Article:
National Cooperative Crohn's Disease Study: results of drug treatment

Gastroenterology. 1979 Oct;77(4 Pt 2):847-69.


The response of active and quiescent Crohn's disease to prednisone, sulfasalazine, or azathioprine has been studied in 569 patients in a placebo-controlled, randomized, multicenter cooperative trial. The response of active symptomatic disease to prednisone or sulfasalazine was significantly better than to placebo. Response to azathioprine was better than to placebo, but the difference did not reach conventional levels of statistical significance. Patients with colonic involvement were especially responsive to sulfasalazine, and those with small bowel involvement were especially responsive to prednisone. Patients' drug therapy immediately before entry to the study significantly affected subsequent response. For patients with quiescent disease, none of the drugs was superior to placebo in prophylaxis against flare-up or recurrence. There is less than a 5% risk that a clinically significant prophylactic effect of any of the drug regimens was missed.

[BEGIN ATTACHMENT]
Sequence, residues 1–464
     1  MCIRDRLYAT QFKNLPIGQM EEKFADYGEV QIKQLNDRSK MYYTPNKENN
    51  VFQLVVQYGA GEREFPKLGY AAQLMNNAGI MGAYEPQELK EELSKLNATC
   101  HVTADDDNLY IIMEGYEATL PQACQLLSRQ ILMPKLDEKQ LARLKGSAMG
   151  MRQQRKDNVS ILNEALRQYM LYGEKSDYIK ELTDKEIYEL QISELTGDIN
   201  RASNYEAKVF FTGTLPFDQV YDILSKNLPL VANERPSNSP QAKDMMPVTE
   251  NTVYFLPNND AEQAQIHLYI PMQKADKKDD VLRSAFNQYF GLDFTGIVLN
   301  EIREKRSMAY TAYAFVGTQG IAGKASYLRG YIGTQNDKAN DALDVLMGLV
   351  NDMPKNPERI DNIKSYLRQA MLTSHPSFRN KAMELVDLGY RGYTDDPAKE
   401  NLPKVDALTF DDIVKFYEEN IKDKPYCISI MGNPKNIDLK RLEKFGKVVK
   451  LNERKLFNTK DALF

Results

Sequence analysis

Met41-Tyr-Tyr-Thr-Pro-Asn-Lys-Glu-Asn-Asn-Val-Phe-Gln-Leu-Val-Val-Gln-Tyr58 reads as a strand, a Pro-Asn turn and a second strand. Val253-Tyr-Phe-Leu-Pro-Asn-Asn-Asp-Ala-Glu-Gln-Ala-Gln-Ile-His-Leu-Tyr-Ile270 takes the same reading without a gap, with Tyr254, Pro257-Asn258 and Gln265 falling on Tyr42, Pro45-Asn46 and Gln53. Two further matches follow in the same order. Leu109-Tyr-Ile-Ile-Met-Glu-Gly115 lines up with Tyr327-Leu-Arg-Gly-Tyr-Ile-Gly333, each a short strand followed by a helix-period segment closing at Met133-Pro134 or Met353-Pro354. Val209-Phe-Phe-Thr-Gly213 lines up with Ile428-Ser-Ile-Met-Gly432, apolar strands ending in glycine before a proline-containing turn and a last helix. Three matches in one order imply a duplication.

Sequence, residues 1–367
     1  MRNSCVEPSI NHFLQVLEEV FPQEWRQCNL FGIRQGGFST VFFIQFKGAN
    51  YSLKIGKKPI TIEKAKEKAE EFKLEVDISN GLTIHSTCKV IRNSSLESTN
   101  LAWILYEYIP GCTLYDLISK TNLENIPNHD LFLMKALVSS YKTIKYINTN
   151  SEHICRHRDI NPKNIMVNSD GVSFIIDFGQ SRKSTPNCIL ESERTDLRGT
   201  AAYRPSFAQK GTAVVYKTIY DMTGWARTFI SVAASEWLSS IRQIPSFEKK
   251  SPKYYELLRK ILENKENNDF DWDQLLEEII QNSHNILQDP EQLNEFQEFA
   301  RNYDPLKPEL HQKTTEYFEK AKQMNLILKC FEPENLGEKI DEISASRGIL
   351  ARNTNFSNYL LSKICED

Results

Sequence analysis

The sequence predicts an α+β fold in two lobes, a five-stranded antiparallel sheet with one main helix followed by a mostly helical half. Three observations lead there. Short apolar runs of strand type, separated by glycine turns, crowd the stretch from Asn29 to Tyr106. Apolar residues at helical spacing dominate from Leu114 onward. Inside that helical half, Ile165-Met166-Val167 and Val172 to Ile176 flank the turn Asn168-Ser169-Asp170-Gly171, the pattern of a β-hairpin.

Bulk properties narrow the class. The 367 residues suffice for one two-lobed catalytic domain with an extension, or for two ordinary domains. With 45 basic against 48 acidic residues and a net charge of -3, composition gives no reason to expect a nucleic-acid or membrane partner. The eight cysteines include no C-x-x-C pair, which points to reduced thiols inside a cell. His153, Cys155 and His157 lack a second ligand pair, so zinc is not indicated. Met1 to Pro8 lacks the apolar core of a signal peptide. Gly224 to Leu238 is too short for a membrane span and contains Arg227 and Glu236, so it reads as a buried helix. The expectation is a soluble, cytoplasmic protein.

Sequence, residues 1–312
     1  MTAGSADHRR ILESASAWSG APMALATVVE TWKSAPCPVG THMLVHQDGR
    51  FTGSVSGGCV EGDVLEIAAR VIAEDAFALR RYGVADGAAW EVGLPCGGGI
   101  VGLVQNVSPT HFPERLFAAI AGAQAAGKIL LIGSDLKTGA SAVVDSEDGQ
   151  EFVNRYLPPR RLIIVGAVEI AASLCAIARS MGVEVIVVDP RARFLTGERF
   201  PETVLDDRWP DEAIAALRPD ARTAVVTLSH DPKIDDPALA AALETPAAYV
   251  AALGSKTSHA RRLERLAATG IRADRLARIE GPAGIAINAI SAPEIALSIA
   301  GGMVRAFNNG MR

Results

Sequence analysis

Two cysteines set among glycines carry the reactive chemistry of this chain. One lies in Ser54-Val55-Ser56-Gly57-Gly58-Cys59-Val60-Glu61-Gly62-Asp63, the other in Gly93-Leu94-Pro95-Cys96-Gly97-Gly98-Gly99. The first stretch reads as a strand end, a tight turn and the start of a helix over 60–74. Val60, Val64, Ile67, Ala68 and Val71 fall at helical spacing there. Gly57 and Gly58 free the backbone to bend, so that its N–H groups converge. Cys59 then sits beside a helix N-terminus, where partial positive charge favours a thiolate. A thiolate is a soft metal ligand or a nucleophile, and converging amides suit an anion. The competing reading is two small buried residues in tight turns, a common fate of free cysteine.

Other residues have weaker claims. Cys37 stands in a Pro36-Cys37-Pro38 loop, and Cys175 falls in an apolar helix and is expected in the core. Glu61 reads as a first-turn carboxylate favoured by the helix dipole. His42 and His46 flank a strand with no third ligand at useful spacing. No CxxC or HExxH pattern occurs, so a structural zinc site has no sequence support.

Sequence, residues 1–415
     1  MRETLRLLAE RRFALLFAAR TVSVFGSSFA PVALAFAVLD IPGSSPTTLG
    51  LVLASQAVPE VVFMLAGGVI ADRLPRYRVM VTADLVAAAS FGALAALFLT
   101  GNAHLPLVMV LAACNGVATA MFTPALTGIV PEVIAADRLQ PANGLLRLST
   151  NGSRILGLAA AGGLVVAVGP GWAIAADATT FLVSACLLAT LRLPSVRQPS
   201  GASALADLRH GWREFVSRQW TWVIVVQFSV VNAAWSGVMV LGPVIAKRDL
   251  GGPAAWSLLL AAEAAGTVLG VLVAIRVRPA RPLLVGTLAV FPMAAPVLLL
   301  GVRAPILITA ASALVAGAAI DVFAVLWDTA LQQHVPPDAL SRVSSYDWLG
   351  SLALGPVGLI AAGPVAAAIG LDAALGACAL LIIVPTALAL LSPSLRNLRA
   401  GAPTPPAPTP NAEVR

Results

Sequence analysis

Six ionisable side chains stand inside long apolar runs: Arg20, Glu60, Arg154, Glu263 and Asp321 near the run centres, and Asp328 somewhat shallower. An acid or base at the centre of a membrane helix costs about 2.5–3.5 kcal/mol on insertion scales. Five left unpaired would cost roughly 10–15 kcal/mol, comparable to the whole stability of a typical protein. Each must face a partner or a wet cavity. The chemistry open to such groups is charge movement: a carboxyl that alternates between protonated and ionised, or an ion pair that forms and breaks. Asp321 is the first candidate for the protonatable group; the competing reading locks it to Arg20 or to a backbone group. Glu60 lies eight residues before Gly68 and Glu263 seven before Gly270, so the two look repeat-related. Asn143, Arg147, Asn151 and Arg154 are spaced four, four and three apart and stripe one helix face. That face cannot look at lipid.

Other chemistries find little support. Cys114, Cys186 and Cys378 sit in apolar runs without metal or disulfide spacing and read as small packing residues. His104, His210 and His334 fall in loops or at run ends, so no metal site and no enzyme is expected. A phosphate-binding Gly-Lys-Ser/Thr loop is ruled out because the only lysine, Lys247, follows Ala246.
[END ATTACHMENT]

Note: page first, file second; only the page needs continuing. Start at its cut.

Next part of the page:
Publication types

  • Clinical Trial
  • Randomized Controlled Trial

MeSH terms

  • Adult
  • Azathioprine / therapeutic use
  • Clinical Trials as Topic
  • Crohn Disease / diagnosis
  • Crohn Disease / drug therapy*
  • Crohn Disease / prevention & control
  • Double-Blind Method
  • Female
  • Follow-Up Studies
  • Humans
  • Male
  • Prednisone / therapeutic use
  • Recurrence
  • Statistics as Topic
  • Sulfasalazine / therapeutic use


  • Sulfasalazine
  • Azathioprine
  • Prednisone